Cyprus and Euro Currency Trappings

This is meant to be the first post in a series about the Cyprus bailout and the latest Euro currency crisis.  This is a list of article’s I’ve been following today regarding the issue.  Now that the Cypriot parliament has rejected the Eurogroup’s bailout proposal to levy a depositor tax, all parties are scrambling to come up with a “solution”.  Among some of the most interesting commentary I’ve come across so far is the suggestion that the EU’s “bold” plan has infuriated Cyprus to the point that they will indeed leave the Euro and cozy up to Russia, one of the more vociferous critics of the depositor tax bailout plan:

WSJ: Creditors Set to Reject Cyprus’s Plan B

FT: Cyprus holds crisis talks in Russia

FT: Cyprus struggles to cope with lack of coins

For this and other market / political news, visit Zerohedge.  While the political leanings and commentary expressed on this blog are not necessarily in line with this author, I’ve found this source to be one of the most up-to-date and informative for all things financial and geopolitical:

Zerohedge Twitter Feed




A Parking Citation Appeal

This was an appeal I submitted to UCSB Parking Services in May 2010 for a citation I believed to be unwarranted.  My appeal was roundly rejected with no explanation or response to my statements.

I must begin with a laudatory gesture and praise the efficiency of
UCSB Parking Services. I stop short of concluding that the speed and
accuracy with which citations are given and campus parking regulations
rightly enforced make it a truly perfect system. Here I draw on writer
and philosopher David Icke’s “Reptoid Hypothesis”, which supposes the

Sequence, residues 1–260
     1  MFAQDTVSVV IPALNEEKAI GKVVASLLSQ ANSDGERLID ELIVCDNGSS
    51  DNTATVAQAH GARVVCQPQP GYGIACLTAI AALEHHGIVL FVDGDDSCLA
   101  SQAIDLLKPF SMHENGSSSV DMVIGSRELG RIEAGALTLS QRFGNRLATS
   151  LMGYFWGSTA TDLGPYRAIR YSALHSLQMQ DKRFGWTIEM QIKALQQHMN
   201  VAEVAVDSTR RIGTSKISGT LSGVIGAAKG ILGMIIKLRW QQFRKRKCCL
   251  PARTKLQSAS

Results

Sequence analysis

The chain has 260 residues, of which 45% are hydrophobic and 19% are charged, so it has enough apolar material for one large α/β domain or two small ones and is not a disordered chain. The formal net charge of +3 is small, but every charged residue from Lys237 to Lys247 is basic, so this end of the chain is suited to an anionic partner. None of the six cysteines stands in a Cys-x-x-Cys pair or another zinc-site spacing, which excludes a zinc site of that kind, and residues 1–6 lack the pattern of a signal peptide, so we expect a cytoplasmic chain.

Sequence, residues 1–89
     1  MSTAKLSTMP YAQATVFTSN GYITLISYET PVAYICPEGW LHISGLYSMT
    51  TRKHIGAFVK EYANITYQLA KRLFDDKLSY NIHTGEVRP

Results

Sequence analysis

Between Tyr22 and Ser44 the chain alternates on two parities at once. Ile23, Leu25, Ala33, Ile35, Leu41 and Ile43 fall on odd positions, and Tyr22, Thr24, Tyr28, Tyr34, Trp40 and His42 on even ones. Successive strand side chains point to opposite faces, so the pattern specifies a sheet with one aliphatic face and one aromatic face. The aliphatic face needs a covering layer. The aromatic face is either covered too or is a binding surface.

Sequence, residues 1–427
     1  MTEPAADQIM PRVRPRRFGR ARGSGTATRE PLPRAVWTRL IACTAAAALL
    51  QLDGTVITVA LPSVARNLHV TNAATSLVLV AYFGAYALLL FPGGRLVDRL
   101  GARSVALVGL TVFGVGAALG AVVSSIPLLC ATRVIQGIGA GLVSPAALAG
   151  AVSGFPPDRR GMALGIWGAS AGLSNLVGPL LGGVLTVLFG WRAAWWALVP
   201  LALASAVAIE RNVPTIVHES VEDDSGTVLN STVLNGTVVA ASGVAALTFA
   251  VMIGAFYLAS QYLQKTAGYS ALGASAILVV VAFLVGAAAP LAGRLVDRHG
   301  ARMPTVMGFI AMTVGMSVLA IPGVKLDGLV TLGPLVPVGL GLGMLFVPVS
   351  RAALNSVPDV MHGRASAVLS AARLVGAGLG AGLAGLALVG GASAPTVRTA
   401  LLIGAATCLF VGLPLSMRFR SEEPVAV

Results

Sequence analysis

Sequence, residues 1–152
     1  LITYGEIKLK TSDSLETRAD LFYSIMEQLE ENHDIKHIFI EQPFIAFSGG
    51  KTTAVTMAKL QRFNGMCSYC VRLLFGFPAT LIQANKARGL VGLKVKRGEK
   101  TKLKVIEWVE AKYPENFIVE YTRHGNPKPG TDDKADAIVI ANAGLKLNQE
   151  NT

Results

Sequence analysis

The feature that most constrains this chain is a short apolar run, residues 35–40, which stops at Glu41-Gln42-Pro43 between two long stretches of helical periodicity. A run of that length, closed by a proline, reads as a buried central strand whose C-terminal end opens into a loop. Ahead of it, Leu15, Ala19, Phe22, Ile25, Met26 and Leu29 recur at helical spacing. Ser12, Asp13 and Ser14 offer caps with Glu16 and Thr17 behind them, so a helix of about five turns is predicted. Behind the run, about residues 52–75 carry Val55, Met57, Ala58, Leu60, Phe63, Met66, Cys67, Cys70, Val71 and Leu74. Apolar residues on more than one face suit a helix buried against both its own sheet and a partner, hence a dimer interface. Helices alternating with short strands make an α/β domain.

existence on Earth of certain kinds of alien technologies that are
enforced, regulated and managed by descendants of the Anunnaki, a
species of Reptilian Humanoids, or lizard-people as it were. It is
these such technologies I believe, that facilitate in our complicated
and fast-paced modern world, the micromanagement of complex urban
transportation and information-based systems like derivatives trading,
online income tax forms and insurance claims, network printing,
gauchospace and parking services.  While Icke’s thesis illustrates the
sheer awesomeness of such technologies, here I seek to understand what
place, if any, human emotions like sympathy have in these systems.

I share my vehicle with my roommate, who is a staff member at UCSB and
a member of the TAP program. As a graduate student, I also have a
night and weekends pass. My roommate and I parked on campus that day
to take care of various school-related duties. I received this
citation because I parked my vehicle in a staff parking space and
forgot to remove my yellow In-Vehicle Parking Meter (IVPM) from my
center console and prominently display it on the dashboard window. The
IVPM was indeed in the car and visible from both the driver side and
passenger side windows. 20 Minutes into a meeting some colleagues in
the Music Department, I remembered that I forgotten to prominently
display my IVPM and rushed back to the parking lot. As I suspected,
within this time frame a parking services employee had given me a

I urge you to lend sympathy for my mistake. I failed to move the
yellow IVPM from my console to my dash and rightly display it in my
window. This experience has, above all, reinforced my unabashed
respect for the nearly infallible efficiency of parking services. The
burden of proof weighs heavily on my shoulders in this case, and I am
struck by how futile this appeal exercise might be in the end. I
didn’t have a camera at the time of the citation, so I can’t provide
evidence that I did indeed have the IVPM in my center console of the
car. The only proof I could present would be to illustrate that my
roommate, a member of the TAP program, and I live in the same
residence and thus carpool to campus frequently: a utility bill, voter
registration card indicating our shared address, for example. However,
because I am submitting this appeal online and this template does not
allow for attachments, I have no avenue to photocopy, scan or
otherwise submit such documentation.  Therefore, this appeal is one
that asks for sympathy, and sympathy alone.

I thank you for your consideration.

Works Cited:

Icke, David. 1999. The Biggest Secret: The Book That Will Change the
World. New York: David Icke Books.